The whirlwind that's been Joel Reinders' fledgling football career took a stunning twist Saturday.
The hulking six-foot-eight, 320-pound Waterloo Warriors offensive lineman signed a free-agent deal with the Cleveland Browns shortly after being bypassed in the NFL draft. Pretty heady stuff for a former basketball player who only took up football at the university level two years ago.
"The first year I started playing I thought maybe I might make a CFL roster and play a couple of years," the Oakville, Ont., native said. "But never in a million years would I have ever imagined that I'd be going to the NFL.
"It really hasn't hit me yet."
No Canadians were selected in the seven-round draft, which was conducted over three days and concluded Saturday afternoon.
"I watched the draft on TV and going in I was hoping to be picked but my agent (Gil Scott) told me I'd probably have a better chance getting signed than drafted," Reinders said. "But after playing just two years, getting signed (by NFL club) is awesome.
"With (Cleveland's minicamp) starting next week I'm going to have to get into that football mindset quickly but I'm going there with the intention of making that roster."
Reinders wasn't the only Canadian to garner NFL interest as a free agent, though.
Kristian Matte, a six-foot-two, 291-pound offensive lineman with the Concordia Stingers, signed as a free agent with the Houston Texans. The native of St. Hubert, Que., is a versatile performer who played tackle in university but can also line up at guard or centre.
Bishop's Gaiters receiver Shawn Gore, a Toronto native, accepted an invitation from the Green Bay Packers to attend their minicamp next week and while Wilfrid Laurier defensive end Chima Ihekwoaba, of Burlington, Ont., will attend the Detroit Lions' minicamp and Regina Rams receiver Jordan Sisco is off to the Indianapolis Colts' minicamp.
Also, Cory Greenwood of Kingston, Ont., a linebacker at Concordia, was negotiating with the Kansas City Chiefs on Saturday evening.
Reinders certainly has the size NFL teams like and was also highly regarded by CFL officials, who consider him a blue-chip prospect in next weekend's Canadian college draft. Reinders is ranked No. 11 by the CFL scouting Bureau and the expectation was given his relative inexperience he'd need time to hone his skills.
But it makes economic sense for Reinders to try and do so in Cleveland. The NFL's minimum salary this year is US$325,000 whereas even as a first-round CFL draft pick Reinders could expect a five-figure signing bonus and salary around $45,000, depending on where he was selected.
Reinders will join a Cleveland organization that has struggled for years but now seems to be on the upswing with the arrival this off-season of new president Mike Holmgren. Holmgren, one of the NFL's most respected head coaches, helped transform both Green Bay and Seattle into Super Bowl contenders during his time with those clubs.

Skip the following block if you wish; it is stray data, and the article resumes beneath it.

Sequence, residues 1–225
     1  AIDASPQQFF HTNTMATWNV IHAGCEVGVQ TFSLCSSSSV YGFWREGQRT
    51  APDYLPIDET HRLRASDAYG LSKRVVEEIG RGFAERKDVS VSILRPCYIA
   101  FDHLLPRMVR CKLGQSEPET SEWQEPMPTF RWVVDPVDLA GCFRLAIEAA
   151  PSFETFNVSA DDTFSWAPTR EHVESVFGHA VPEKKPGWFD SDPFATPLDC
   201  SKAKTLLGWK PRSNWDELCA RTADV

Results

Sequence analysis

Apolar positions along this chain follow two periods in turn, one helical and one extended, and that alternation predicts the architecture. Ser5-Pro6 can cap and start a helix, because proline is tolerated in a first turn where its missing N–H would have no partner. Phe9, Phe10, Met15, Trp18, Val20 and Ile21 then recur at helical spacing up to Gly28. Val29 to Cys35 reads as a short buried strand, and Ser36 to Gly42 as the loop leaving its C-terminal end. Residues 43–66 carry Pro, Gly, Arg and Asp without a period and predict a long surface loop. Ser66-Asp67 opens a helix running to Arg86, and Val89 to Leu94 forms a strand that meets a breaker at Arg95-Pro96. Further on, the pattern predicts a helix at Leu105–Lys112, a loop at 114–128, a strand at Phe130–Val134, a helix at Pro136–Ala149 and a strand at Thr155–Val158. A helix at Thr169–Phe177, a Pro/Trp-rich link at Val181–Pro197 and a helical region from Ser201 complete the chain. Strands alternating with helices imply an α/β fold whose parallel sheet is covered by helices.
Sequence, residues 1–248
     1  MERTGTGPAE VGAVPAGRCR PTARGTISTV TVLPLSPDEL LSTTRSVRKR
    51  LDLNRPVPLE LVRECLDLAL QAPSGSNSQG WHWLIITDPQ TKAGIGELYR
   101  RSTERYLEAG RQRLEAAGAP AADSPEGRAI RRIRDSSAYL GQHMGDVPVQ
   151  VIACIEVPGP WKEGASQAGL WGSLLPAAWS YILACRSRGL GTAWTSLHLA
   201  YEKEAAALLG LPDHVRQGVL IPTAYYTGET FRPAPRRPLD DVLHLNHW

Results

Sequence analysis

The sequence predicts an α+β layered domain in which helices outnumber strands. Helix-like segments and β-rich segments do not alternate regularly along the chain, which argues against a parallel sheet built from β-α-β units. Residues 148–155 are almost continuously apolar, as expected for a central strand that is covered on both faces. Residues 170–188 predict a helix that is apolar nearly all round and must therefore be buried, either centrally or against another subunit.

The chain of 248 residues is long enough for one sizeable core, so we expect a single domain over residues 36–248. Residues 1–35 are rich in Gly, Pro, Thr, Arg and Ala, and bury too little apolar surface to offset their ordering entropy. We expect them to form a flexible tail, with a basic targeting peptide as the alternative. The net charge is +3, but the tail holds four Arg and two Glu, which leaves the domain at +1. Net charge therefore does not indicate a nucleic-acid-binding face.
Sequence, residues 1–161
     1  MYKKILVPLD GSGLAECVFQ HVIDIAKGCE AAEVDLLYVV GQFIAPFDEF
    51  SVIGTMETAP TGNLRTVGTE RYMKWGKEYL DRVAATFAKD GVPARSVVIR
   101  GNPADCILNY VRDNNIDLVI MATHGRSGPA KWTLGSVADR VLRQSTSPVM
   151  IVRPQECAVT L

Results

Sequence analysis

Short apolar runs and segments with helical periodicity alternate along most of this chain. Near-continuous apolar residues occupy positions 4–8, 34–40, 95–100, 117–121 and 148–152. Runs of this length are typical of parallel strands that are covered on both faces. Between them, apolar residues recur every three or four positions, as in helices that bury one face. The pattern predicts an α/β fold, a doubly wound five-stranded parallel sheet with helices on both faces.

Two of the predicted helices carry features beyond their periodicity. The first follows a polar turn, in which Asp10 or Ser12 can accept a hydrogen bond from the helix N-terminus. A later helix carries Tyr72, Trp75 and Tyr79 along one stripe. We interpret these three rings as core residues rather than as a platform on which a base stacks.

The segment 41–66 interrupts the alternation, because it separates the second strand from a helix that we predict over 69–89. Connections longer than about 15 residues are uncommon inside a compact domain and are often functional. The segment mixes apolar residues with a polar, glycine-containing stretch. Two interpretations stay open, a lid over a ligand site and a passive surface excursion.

And Holmgren has shown a willingness to be patient with young players. On Saturday, he said the club has no intention of playing Colt McCoy, the winningest quarterback in NCAA history that Cleveland drafted in the third round, at all as a rookie this year.
It's an approach that could bode very well for Reinders, too. However, he can't help but think ahead to maybe one day protecting McCoy in Cleveland.
"Blocking for a guy like Colt McCoy would be a dream come true," said Reinders.
If Reinders is released by Cleveland, he will still have a future in professional football as he's certain to be drafted by a CFL club that will be willing to wait for him to return to Canada.
The same applies to Matte, who in '09 was a Quebec University Football League all-star and a Canadian Interuniversity Sport second team all-Canadian.
"Kristian is one of the best athletes I've ever seen on our offensive line in my 18 years at Concordia University," Stingers head coach Gerry McGrath said in a statement.
Matte isn't the first Concordia player to attract NFL attention. In 1995, cornerback Mark Montreuil was a seventh-round selection of the San Diego Chargers and spent three years with the club.
Other former Stingers to sign NFL deals or attend tryout camps include receiver Denis Montana (1996, Houston Oilers); receiver Sylvain Girard ('99, Cleveland), punter Burke Dales ('02, Pittsburgh Steelers) and linebacker Mickey Donovan ('04, Detroit Lions).
The six-foot-four, 260-pound Ihekwoaba heads to Detroit after missing much of last season after suffering a shoulder injury in the third game of the year. The injury certainly didn't bother him at the CFL evaluation camp in March as he bench-pressed 225 pounds 23 times, posted a 40-yard dash time of 4.78-seconds and a 41-inch vertical jump that was second-best among camp attendees.
Greenwood, ranked third by the CFL's scouting bureau and a bona fide first-round CFL prospect, also had a solid showing at the league's evaluation camp. He posting 24 reps in the bench press, a 40-yard dash time of 4.50 seconds and a 40-inch vertical jump.
Gore showed good quickness for a big receiver at the evaluation camp, running the 40-yard dash in 4.50 seconds. He also had a 39.5-inch vertical jump. Gore recorded 37 catches for 610 yards and five touchdowns last season with Bishop's.
Sisco, a six-foot-one, 212-pound slotback, took part in the annual East-West Shrine Game this past January in Orlando. He played on the West squad that was coached by former NFL head coach Marty Schottenheimer. Sisco, a Regina native, is a two-time Canada West all-star (2007, '09) who had 52 catches for 700 yards and two TDs last season.